Writer’s Block Need Not Be A ‘Vice’: A Brief Story About the Struggle to Create

Vice Front Cover 5.5x8.5Vice is finally published! Part two of my YA Sci-Fi series has made its way into the world, three years after the release of the first book, Tick. I did not plan a pre-release. I have not sought many ARC reviews. The birth of Vice was a challenge to say the least, and I wanted to share what I have learned about the process of writing this book, what I hope to gain from the experience, and some advice and wisdom to other struggling authors.

Let’s go back to the beginning. I wrote the first draft of Tick in three and a half weeks, a serious feat for any writer. The story poured out of me from beginning to end. I knew little about where the story was going beyond a handful of major plot points, and I didn’t have an ending. I got up every morning and hammered out 5-8 thousand words a day, seeing maybe only the next one or two chapters in my head. It was during the process of writing Tick that I discovered the ending, that I realized the purpose behind the story, that I was revealing a part of myself that needed to be healed in not only the process of writing Tick, but sharing it. I spent an additional seven months rewriting and editing Tick, but it was an almost magical writing experience. Continue reading

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Tick Official Book Trailer

I am so pleased to bring you the Official Book Trailer for Tick!

I got to use my old (aka rusty) video editing skills on this. I hope you enjoy it!

It’s All In My Head

fuel for the mind, circa 2002

People often ask me, “Have you always been an artist?”

“Of course I’ve always been an artist,” I say with an undertone of resentment for the fact they didn’t already know this. “Just because this is the first time you’ve ever seen me paint something, doesn’t mean I’m making it up right here on the spot. I didn’t become an artist overnight.”

That last bit is never said out loud, of course, because I’m not an asshole, and it’s not really their fault they don’t know what I do when I’m not pretending to be a respectable citizen.

Even while I internally fume about how still — even in my adult age — so many people have a terrible misconception of who I am, I understand why. Outwardly, I don’t give off the “artist vibe”. I’m not covered in tattoos, I dress fairly conservatively, I don’t spend my days yammering about artsy things. Quite frankly, I don’t find most meetings to be appropriate for such conversations, but given the right time and place, and I’ll talk your ear off about music or books or movies or politics. I didn’t gain an interest in those topics overnight, either; I simply choose to not talk about them all the time.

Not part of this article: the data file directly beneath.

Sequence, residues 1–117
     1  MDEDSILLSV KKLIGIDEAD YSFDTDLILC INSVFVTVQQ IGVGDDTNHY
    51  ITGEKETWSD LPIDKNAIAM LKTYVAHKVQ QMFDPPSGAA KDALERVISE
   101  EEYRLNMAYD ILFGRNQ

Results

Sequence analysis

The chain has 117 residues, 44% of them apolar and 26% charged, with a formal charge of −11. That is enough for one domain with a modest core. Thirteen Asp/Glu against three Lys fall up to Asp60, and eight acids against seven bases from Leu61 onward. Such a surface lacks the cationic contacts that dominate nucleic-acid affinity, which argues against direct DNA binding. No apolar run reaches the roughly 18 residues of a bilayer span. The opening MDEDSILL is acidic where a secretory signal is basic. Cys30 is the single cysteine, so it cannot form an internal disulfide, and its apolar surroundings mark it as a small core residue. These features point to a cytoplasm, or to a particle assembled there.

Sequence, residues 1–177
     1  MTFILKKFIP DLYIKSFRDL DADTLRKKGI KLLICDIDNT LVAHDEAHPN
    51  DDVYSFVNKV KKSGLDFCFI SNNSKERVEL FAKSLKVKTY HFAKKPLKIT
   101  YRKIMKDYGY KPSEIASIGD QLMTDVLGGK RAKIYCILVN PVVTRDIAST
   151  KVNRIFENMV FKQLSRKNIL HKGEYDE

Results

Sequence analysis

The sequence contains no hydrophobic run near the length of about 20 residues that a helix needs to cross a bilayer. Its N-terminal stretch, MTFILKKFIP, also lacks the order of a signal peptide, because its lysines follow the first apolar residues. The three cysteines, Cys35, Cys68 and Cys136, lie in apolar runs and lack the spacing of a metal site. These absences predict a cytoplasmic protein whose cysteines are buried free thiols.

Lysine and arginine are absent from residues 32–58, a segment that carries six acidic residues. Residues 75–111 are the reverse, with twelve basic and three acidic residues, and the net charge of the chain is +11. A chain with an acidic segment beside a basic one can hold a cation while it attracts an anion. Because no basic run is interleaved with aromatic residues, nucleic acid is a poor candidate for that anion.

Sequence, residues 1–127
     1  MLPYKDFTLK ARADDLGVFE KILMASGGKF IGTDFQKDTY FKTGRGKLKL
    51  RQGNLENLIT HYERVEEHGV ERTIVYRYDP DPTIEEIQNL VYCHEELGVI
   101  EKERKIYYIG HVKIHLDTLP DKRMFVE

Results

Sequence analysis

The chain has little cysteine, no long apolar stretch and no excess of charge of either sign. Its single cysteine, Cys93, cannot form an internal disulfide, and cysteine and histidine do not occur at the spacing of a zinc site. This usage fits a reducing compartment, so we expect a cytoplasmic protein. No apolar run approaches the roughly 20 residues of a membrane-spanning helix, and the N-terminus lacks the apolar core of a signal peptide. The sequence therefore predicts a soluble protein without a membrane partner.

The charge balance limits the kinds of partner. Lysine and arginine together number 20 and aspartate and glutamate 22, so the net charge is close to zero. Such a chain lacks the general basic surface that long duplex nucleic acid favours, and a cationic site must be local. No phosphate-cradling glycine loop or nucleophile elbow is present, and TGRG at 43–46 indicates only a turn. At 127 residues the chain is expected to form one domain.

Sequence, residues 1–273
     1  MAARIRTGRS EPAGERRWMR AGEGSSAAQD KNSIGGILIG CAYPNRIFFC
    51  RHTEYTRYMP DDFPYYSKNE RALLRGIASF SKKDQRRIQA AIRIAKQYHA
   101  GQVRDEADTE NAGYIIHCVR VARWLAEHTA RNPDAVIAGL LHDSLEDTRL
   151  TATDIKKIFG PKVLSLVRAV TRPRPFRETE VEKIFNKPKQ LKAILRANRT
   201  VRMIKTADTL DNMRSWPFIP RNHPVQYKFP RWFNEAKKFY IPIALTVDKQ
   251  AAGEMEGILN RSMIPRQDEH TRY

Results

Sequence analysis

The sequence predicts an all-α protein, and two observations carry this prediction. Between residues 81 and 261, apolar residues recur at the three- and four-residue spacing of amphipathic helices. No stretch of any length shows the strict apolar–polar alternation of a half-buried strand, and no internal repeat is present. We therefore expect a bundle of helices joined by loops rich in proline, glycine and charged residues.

Perhaps the reason why I don’t expose myself as an artist in my daily life is because I’ve learned to compartmentalize those versions of myself. Growing up, most people in my life didn’t understand that I had such an incredible need to express myself. I channeled my emotions through any medium I could — music, art, graphic design, poetry, storytelling, anything — because the real world did not offer me the platform to truly speak my mind. Both my parents have artistic backgrounds (my dad is a writer, my mom has done fine art for decades), yet both their lives followed a path that halted their progression as artists. You know … the real world. So when it came time for me to graduate high school and decide what the hell I was going to do with my life, the voices of family members and friends alike resonated through my head: “You won’t make money as an artist. Pick something else.” Continue reading

Reaching the Light at the End of the Tunnel

My book is finally here. Like, dTick - Allison Roseone. After so much time, and effort, and blood, and sweat, and tears, and long days and sleepless nights … it’s finally here. A journey to say the least. I’ll post my post-event thoughts when I’ve had the chance to actually think about my thoughts.

Until then, for those who have been waiting for it, here it is.

It’s Not Writer’s Block, It’s Fear

Fear is a four-letter word. I like four-letter words.

F*** is a four-letter word.

Writing a sequel is harder than it sounds. Or maybe it sounds as hard as it is. Yes, I know, “Silly newb, you don’t know what you’re getting yourself into. It was always this hard, you just drank the Kool-Aid too early.” But still. I know where the second book in my series is going. (Well, technically, there have been about three versions of where I thought the second book was going.) I’ve written two books now. The settings are already created. The characters already living entities. The conflicts are present and waiting. This book shouldn’t be this hard. And yet, it is.

Many people don’t believe in writer’s block. They know it for what it is: Fear. Fear of producing a lesser product. Fear of missing the magic of the first piece of work. Fear of going in the exact opposite direction from where everyone else was hoping you’d go. And then, *poof*. Curtain pulled back, magician exposed, the writer is seen for what she is: a one-hit wonder. This isn’t a mythical creation, this is some bimbo fumbling around in the dark trying to put one word after another to form a story that some people somewhere might actually want to read.

Continue reading

Not Quite An Update, More Like a Chronicle of Recent History

Ready, set, publish!

Ready, set, publish!

It has been, like, centuries since I’ve written a blog post. I’d thought about it. Many times. I even went so far as to come up with a witty title for a new post. And yet, I didn’t get far enough to reach the website.